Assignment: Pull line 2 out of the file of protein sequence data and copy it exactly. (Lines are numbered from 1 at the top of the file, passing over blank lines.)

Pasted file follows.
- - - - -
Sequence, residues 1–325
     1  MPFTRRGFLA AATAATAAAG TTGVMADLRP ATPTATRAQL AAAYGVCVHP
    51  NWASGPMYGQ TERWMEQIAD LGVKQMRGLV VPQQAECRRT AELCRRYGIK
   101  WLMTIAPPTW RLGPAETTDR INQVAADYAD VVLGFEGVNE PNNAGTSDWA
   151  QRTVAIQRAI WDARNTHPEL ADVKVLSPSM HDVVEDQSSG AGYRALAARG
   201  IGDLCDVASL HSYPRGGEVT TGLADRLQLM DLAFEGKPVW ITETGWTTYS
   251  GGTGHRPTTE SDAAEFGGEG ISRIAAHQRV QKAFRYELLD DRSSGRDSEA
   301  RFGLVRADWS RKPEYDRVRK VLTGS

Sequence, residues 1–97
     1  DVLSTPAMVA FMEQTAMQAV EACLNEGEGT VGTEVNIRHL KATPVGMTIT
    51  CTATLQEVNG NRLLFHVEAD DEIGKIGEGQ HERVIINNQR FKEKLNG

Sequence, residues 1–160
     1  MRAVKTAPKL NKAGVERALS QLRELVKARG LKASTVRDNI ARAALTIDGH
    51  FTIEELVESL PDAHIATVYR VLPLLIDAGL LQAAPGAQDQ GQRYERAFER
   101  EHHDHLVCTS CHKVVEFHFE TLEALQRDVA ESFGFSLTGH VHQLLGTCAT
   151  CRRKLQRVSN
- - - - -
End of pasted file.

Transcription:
     1  MPFTRRGFLA AATAATAAAG TTGVMADLRP ATPTATRAQL AAAYGVCVHP